Dr. Wilson provides excellent historical comment on the creed recited by Jesus. In Our Father Abraham, Marvin Wilson states: The Shema “is one of the most crucial Old Testament texts for the foundational teachings of both Jesus and Judaism.” But that foundational creed of Jesus is nowhere to be found on the books of mainline churches. For all of his good history and presentation of the facts, Professor Wilson seems unable to protest the Church’s — his own church’s — failure to uphold the creed of Jesus.
Unless, then, it can be shown that belief in three Persons who are God can be reconciled with the Shema affirmed by Jesus, Christians have the wrong creed. They have been mistaken for centuries. They have abandoned Jesus at a fundamental level (as well as keeping Jews and Muslims away from considering the claims of Jesus).
Let us do some further comparing. We have seen what creed Jesus established as the foundation of true religion: “the Lord our God is one Lord.” Now let us hear what Christians were supposed to recite as creed some 500 years after the time of Jesus.
From the Jew Jesus to a New Gentile Creed
Below is the so-called Athanasian creed. I will not quote it in full, but give you enough to show how it unpacks the summary statement that “God exists in three Persons.”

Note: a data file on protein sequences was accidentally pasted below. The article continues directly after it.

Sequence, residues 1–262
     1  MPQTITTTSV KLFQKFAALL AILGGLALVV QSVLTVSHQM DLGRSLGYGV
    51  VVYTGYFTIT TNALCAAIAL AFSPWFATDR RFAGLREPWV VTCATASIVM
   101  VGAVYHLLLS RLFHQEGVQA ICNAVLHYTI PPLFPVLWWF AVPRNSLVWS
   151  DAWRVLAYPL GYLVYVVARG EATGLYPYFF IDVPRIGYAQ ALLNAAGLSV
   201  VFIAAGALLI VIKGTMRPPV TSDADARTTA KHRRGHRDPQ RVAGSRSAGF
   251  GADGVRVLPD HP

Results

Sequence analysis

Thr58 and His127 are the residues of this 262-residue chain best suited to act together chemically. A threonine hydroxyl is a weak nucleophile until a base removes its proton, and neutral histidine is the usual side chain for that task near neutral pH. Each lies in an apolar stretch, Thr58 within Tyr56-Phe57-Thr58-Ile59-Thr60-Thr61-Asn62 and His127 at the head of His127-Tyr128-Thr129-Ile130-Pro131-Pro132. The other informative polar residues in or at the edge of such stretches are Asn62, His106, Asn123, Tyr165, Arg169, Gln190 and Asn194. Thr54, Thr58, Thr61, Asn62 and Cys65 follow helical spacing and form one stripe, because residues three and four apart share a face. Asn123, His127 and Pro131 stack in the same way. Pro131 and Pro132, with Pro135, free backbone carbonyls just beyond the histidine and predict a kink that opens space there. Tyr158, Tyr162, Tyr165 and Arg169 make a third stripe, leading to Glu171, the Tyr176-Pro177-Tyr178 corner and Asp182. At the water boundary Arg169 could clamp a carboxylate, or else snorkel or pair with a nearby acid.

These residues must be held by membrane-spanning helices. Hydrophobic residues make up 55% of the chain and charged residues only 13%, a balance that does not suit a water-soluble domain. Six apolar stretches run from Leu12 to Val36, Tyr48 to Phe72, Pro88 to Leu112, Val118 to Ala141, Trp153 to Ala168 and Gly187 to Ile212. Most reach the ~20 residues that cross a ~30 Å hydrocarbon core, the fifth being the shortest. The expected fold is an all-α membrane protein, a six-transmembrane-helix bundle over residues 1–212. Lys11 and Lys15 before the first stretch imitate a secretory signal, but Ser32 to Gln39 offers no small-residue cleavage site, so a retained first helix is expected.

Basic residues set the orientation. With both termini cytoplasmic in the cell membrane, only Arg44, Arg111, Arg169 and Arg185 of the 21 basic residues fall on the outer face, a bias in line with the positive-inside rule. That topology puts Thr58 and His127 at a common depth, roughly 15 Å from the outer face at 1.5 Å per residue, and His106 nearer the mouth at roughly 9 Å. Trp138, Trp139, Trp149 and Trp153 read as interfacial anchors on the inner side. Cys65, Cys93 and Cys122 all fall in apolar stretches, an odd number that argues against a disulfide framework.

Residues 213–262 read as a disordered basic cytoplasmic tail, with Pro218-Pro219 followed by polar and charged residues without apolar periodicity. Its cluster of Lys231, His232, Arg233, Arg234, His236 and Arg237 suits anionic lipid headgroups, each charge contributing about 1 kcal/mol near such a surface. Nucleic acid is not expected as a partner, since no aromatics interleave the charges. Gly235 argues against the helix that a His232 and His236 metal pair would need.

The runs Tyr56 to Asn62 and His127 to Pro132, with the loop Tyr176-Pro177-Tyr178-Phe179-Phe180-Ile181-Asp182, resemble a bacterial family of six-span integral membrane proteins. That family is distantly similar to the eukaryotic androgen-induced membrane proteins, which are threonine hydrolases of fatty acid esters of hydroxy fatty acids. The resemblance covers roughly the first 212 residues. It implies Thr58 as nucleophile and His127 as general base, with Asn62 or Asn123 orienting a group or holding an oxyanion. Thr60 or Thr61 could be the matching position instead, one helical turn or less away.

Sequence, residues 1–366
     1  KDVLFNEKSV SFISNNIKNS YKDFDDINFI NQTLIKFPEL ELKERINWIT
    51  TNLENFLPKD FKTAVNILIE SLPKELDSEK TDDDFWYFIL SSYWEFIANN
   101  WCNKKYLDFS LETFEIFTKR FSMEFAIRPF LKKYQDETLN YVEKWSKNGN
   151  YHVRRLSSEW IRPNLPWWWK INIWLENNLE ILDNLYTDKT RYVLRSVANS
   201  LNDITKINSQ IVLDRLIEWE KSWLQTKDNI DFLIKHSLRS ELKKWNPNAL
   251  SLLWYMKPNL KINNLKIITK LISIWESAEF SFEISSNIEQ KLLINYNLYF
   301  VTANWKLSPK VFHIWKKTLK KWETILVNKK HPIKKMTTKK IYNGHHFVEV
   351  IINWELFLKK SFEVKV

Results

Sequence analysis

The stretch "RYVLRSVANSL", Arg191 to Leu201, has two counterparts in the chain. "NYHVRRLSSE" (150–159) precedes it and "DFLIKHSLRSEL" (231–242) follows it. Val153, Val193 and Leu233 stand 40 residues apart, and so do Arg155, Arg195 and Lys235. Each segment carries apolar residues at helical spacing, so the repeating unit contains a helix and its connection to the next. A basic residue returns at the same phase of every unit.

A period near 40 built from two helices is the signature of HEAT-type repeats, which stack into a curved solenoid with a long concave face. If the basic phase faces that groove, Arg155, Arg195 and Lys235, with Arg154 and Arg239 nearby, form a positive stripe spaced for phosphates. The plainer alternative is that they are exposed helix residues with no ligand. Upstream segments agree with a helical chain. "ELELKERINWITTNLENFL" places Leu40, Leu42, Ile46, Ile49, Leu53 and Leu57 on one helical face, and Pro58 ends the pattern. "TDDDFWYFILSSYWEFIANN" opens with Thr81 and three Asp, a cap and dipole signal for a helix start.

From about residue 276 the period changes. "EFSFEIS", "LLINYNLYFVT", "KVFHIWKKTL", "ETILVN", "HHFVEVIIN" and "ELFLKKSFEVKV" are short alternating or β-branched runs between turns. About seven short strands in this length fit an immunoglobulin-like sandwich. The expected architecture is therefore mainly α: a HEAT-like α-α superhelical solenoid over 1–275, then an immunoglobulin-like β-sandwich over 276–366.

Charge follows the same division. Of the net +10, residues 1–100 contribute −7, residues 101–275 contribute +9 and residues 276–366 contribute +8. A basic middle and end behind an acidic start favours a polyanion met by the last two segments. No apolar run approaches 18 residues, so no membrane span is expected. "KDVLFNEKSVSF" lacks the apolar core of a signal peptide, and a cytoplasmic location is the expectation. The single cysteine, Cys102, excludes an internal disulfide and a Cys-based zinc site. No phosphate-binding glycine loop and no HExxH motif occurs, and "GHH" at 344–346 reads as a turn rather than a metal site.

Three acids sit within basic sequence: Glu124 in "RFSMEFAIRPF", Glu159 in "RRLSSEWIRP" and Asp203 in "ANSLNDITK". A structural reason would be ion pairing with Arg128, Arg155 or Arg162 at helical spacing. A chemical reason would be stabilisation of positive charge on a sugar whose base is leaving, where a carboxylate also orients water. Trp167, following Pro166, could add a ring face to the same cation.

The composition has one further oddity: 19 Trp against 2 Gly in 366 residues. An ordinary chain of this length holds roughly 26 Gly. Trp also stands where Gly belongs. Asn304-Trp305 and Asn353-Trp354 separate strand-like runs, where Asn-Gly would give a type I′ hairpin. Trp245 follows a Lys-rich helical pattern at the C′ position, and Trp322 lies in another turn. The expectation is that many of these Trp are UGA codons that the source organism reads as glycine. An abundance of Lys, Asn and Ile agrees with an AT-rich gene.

“Whosoever will be saved, before all things it is necessary that he hold the catholic [universal] faith; which faith except everyone do keep whole and undefiled, without doubt he shall perish everlastingly. And the catholic faith is this: That we worship one God in Trinity, and Trinity and Unity; neither confounding the persons nor dividing the substance…The Father eternal, the Son eternal and the Holy Spirit eternal. And yet they are not three eternals but one eternal…So likewise the Father is almighty, the Son almighty, and the Holy Spirit almighty. And yet they are not three almighties, but one almighty. So the Father is God, the Son is God and the Holy Spirit is God; and yet they are not three Gods, but one God. So likewise the Father is Lord, the Son Lord and the Holy Spirit Lord; and yet they are not three Lords but one Lord. For just as we are compelled by the Christian verity to acknowledge every Person by himself to be God and Lord; so we are forbidden by the catholic religion to say there are three Gods or three Lords…and in this Trinity none is before or after another; none is greater or less than another. But the whole three Persons are coeternal and coequal. So that in all things, as aforesaid, the Unity in Trinity and the Trinity in Unity is to be worshiped. He who wants to be saved must so think of the Trinity.”